Once a company or its products looses its "COOL" factor there is little if anything which it can do to regain its "COOL" factor. If a monopoly losses its Grip on the market and has lost its "COOL" factor and is perceived as yesterdays child it will fall like all other monopolies have in the past.
0 0 [Posted by: tedstoy  | Date: 07/31/14 07:22:21 AM]

Microsoft is like some Chinese company they are trying to get market shares in area witch is already well established by Apple and Google.

They did it with DOS and Windows and where backed up by government so they succeeded, this time they are in open market and they are not doing so well.

They have so many fails by now Windows millenium, Vista, Zune and now Nokia, everybody nows how they cheated to get nokia , nobody likes them, expecially in Europe.

They are trying to mimic apple for long time (Zune) and they are failing in process.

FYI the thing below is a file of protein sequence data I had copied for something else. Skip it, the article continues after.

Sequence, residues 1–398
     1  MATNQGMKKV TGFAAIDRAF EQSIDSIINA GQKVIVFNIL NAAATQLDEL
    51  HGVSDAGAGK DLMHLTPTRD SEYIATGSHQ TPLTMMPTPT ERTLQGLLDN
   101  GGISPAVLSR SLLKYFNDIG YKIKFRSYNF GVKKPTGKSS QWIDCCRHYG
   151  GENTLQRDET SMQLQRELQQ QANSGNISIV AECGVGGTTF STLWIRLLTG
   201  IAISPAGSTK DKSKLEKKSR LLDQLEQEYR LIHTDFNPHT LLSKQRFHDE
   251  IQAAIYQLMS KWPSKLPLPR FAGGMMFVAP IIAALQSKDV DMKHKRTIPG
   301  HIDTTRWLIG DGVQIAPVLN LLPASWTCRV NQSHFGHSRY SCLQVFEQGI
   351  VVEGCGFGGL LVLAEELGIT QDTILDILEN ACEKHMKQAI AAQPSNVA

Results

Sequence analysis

Microsoft dosent deserve the place they have anyway.
2 2 [Posted by: kingpin  | Date: 07/31/14 09:12:52 AM]

Windows Phone 8.1 is the first good mobile OS from Microsoft since Windows Mobile days. It may have a big effect on the market.

Windows 8 is not there yet. Wait for Windows 9 for a top notch deaktop/tablet operating system. If they get it right they can take a lot of market share.
2 1 [Posted by: CSMR  | Date: 07/31/14 11:03:42 AM]
- collapse thread

Update 1 makes WP8.1 even better, especially with all the corporate features added. Our company is probably going to switch over to WP by end of the year. We are in the middle of evaluating WP, Android and iOS and WP is so far on top when it comes to security and stability.